A long timeline doesn’t necessarily have to equal a long book, but admit it: the longer the book, the more “serious” it appears to readers. By itself, this is no argument in favor of a long timeline for any story. But depending on the type of story you’re writing, you may need that extra sense of weight simply to drive home the magnitude of your story. A plot that takes place within a single day may indeed change your protagonist’s life. But how much more so a plot that takes up months or years? Some events need to be stretched out over a longer timeline in order to make readers feel the true weight of their impact on the protagonist’s life.

Pro: Deeper Character Arcs

Most people don’t change overnight, even after experiencing a tremendous catalytic event. Any character arc will be an evolution of your protagonist. As such, the more time you give him to learn, grow, and develop that arc, the more space you’ll have to create a sense of change that seems realistic, purposeful, and lasting. Longer timelines also give you more time to actually illustrate that change, instead of cramming important character-development scenes in wherever there happens to be a short lull in the madcap action of a shorter timeline.

Con: Non-Essential Plot Elements

One of the major problems with longer timelines is that they often give their authors the sense of a vast amount of space in which to play around with their characters. The result can be a host of non-essential plot elements that send the story wandering all over the place. A long timeline is no excuse for a sloppy story. If you’re meandering, then you might want to consider shortening up the amount of time you’re asking readers to spend with your characters.

Con: Low Stakes

Finally, and probably most obviously, long timelines often don’t provide the same opportunity for high stakes that we find in their shorter counterparts. When your characters have a year to achieve their goal and defeat the antagonist force, the pressure just isn’t going to feel as intense. In some stories, the solution may be to simply whack a few months off the timeline. However, it’s also possible to achieve the same sense of urgency by injecting many smaller “ticking clocks” throughout the story, instead of employing just one for the entire plot.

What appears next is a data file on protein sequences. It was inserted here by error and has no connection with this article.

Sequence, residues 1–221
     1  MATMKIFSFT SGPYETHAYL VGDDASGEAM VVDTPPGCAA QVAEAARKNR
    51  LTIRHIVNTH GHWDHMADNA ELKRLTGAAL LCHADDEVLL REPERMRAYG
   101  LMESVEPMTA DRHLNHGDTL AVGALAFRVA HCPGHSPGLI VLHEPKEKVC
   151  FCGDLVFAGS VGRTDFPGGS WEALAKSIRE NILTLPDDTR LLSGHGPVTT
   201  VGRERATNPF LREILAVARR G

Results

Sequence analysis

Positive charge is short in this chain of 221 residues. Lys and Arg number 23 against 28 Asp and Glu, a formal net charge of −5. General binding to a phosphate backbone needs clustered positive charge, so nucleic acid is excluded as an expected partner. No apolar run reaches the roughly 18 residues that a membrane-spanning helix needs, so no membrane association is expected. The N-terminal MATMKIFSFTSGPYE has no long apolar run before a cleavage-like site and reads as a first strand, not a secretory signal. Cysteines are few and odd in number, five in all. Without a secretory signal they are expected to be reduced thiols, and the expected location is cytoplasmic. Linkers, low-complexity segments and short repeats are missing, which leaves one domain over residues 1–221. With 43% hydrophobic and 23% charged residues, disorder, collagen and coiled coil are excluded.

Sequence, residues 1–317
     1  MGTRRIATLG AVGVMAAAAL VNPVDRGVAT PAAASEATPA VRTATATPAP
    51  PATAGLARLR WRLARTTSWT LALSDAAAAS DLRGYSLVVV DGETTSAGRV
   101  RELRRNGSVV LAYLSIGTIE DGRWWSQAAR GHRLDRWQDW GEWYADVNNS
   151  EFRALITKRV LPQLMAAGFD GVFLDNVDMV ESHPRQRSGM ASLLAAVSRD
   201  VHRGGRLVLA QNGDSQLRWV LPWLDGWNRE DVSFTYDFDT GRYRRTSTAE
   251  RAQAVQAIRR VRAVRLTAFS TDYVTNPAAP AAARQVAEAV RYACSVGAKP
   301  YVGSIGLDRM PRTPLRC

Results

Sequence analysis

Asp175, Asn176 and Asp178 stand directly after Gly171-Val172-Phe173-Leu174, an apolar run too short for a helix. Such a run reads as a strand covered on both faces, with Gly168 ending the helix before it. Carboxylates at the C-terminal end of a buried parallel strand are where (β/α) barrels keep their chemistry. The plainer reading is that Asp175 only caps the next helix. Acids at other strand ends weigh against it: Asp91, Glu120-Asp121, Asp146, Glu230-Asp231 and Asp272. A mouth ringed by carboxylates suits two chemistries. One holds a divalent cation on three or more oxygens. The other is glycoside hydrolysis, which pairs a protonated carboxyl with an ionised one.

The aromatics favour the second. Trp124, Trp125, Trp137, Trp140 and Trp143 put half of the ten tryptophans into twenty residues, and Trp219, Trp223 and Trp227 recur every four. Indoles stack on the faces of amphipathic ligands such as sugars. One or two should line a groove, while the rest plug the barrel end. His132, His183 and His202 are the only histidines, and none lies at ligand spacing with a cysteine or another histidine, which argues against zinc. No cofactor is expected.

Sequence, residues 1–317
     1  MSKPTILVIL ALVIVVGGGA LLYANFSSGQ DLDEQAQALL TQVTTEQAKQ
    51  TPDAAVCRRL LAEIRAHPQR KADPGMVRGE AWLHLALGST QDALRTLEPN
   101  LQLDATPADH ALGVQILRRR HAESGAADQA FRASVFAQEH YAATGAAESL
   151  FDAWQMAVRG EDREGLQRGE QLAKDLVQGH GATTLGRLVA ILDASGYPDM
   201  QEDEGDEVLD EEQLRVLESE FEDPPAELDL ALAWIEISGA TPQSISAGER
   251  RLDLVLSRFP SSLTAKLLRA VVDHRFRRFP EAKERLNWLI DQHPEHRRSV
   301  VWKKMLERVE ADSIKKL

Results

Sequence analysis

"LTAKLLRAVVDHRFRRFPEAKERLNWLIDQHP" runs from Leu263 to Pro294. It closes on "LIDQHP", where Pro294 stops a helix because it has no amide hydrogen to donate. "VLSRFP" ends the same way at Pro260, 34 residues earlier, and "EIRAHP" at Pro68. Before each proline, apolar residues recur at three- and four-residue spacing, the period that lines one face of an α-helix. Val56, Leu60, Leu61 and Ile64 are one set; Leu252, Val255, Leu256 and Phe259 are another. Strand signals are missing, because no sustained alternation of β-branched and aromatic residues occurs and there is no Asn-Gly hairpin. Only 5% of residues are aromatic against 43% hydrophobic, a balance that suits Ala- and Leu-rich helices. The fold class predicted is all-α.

Which Timeline Is Right for Your Story?

How do you know how much time your story should cover? One of the most important things to realize is that the length of the your timeline has no direct correlation to the length of the book itself. As you can see in the graphic, below, it is possible to tell a very fast story in a great many pages, and a very slow story in a limited number.

The most important consideration is simply: How much time does your story need? A story should be given exactly aThe Crucial Way to Figure Out How Much Time Your Story Should Covers much time as it needs for its plot to unwind to optimum effect. Don’t feel that just because you happen to be writing a thriller, you can’t write a story with a long timeline. And don’t feel that just because you’re writing a leisurely family saga, the whole thing can’t take place in one day at a funeral or a wedding, as in Anne Tyler’s Breathing Lessons.


First, consider what speed of pacing would be most appropriate for the story you want to tell. Then, consider how much time your plot events require to transpire realistically. Your optimum timeline will be found somewhere in between.

Tell me your opinion: How much time does your current story cover?

The Crucial Way to Figure Out How Much Time Your Story Should Cover

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About K.M. Weiland | @KMWeiland

K.M. Weiland is the award-winning and internationally-published author of the acclaimed writing guides Outlining Your Novel, Structuring Your Novel, and Creating Character Arcs. A native of western Nebraska, she writes historical and fantasy novels and mentors authors on her award-winning website Helping Writers Become Authors.


  1. Hannah Killian says

    I was going to have Book #2 in my trilogy cover a span of 4 years, starting just a few months after the ending of #1, but now I’m starting to think that maybe I should start it about 3 years after the first book, like I originally had it back when the trilogy was still a duology. And then have #2 cover a span of one year.

    I don’t know, I’ll have to write it down and see how it figures out.